Movie Review: The Hunger Games

Few movies manage to capture to true essence of a book. Fortunately, for fans, The Hunger Games succeeded where films like Harry Potter and the Deathly Hallows Part 1 and Eragon failed. There were changes, as expected, but not ones that were detrimental to the feeling of the story.

Immediately fans see how terrified Primrose Everdeen, the main character Katniss’s sister, is of the reaping that day. It’s clear from the beginning how much Katniss cares for her sister—and how emotionally distant she is from her mother. This scene sets the feel for the rest of the film beautifully.

The casting choices for The Hunger Games fit perfectly. Willow Shields broke hearts as young Prim. Woody Harrelson captured Haymitch perfectly—and hilariously. Josh Hutcherson portrayed Peeta’s feelings towards Katniss and his own life in a moving, meaningful way. The spirit and soul of Katniss comes out brilliantly through Jennifer Lawrence.  Each cast member brought his character to life in a believable, fitting fashion.

The addition of scenes not from the books didn’t detract from the story; they enhanced it and set up for Catching Fire and Mockingjay. The scenes with President Snow brought chills to the skin while the moments in the Gamemakers room contained a mixture of horror and fascination. The ones orchestrating the obstacles in the area seemed proud of sending children to their deaths. The technology, though, is quite interesting to see. Think Iron Man’s computer system.

As with any adaptation, some scenes don’t make the cut while others face alterations. The only real complaint in this department is that if a person hasn’t read the book, she may find herself confused on a few points. Fortunately, through the role of Caesar Flickerman, there’s some explanation throughout the Games. It’s almost like sports commentary. It’s easy to miss details like who Foxface is, that Peeta and Katniss trained together at first and that Haymitch was a former tribute.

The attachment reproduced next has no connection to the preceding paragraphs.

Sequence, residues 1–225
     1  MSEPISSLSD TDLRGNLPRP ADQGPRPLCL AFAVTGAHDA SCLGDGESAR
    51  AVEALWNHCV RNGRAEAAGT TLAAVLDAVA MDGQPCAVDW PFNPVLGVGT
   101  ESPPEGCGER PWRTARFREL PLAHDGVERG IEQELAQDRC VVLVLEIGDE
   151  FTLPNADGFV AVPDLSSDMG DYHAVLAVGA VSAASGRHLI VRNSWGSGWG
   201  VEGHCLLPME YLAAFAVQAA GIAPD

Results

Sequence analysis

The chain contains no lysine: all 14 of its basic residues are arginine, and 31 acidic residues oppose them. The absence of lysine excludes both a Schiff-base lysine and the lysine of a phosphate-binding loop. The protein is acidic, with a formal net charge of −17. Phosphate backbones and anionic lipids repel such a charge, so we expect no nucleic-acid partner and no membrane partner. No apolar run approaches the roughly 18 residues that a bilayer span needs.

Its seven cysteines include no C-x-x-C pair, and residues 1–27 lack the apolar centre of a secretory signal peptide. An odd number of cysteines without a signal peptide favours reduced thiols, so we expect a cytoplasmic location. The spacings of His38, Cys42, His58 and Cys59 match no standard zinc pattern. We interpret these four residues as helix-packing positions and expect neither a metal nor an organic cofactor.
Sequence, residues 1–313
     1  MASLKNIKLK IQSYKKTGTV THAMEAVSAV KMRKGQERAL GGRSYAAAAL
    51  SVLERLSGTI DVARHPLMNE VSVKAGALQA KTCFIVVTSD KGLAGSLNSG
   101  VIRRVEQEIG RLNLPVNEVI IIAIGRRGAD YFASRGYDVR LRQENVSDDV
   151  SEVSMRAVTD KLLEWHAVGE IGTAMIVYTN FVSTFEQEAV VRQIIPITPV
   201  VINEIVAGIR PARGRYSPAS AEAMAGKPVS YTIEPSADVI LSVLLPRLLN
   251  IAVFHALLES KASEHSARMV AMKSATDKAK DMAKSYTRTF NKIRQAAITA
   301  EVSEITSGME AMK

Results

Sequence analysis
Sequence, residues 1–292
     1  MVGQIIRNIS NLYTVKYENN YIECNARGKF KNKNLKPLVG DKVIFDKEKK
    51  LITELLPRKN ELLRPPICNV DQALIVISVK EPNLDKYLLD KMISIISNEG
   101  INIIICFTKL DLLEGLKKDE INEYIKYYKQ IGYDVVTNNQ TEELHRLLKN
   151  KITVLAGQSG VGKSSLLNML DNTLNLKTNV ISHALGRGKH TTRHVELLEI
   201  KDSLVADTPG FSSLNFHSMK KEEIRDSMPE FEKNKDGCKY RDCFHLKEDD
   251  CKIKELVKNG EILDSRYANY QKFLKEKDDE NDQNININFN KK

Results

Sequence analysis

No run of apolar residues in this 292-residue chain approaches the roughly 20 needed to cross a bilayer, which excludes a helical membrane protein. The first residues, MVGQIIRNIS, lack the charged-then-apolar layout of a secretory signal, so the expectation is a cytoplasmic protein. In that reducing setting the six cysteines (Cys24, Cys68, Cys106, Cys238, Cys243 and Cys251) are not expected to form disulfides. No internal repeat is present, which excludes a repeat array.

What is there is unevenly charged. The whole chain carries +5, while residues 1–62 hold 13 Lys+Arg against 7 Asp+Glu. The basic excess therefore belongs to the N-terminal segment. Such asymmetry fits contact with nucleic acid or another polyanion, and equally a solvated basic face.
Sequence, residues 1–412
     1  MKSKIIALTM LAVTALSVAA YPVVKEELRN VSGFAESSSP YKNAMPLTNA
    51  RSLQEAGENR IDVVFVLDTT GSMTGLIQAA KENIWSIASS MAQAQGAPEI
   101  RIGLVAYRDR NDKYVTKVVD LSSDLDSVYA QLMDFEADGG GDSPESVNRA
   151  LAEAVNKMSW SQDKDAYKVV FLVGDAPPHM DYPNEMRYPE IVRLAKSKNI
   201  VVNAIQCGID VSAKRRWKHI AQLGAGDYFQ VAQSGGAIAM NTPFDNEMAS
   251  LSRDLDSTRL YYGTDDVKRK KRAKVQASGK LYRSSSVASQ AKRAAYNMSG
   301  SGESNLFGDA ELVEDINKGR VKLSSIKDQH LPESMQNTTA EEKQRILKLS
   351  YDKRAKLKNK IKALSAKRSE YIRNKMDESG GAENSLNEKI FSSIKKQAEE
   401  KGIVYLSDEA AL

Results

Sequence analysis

As expected, the movie contains dozens of incidents of violence. Through shaky camera work and angled shots, viewers see what happens without it being gratuitous. The shaking shots can make viewers a bit dizzy or disorientated, so this is definitely not a movie to watch up close. The amount of blood is enough to make the point without taking it too far. There’s a certain feeling of wrongness accompanied with watching children fight to the death; a feeling present in the books and that fans should never lose. Director Gary Ross captured the horror in an effective method.

Because of the extreme violence and emotionally gripping scenes, The Hunger Games is somewhat hard to watch. From the moment when Katniss volunteers to take Prim’s place to the trials in the area, it’s impossible to remain completely calm. Be prepared for tears, laughter and anxiety. It’s difficult to watch characters die, especially ones that worm their way into the hearts of fans without us realizing it. It’s worth it, though.

The Hunger Games is a must-see not only for fans of the book, but the general public. Katniss Everdeen is a true heroine, one that we can all admire. If the box office numbers tells us anything, it’s that the a movie lead by such a fantastic character with an amazing story can and will take the world by storm.

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2 Comments

Filed under female characters, Katniss Everdeen, Review, The Hunger Games

2 responses to “Movie Review: The Hunger Games

  1. I think it’s funny how you mention “Eragon.” Every time I think of a Movie Gone Wrong, that’s the one that comes to mind.

    The addition of scenes not from the books didn’t detract from the story; they enhanced it and set up for Catching Fire and Mockingjay.

    I agree completely. They took Katniss’ thoughts from the novel and gave more of a visual than I would have thought possible.

    It was one of the greatest adaptations I’ve ever seen.

  2. I liked how at one point in the arena you can actually see a pimple on Jennifer Lawrence’s face. They didn’t try to make her look perfect with makeup and movie magic. Gave it more of a gritty feel.

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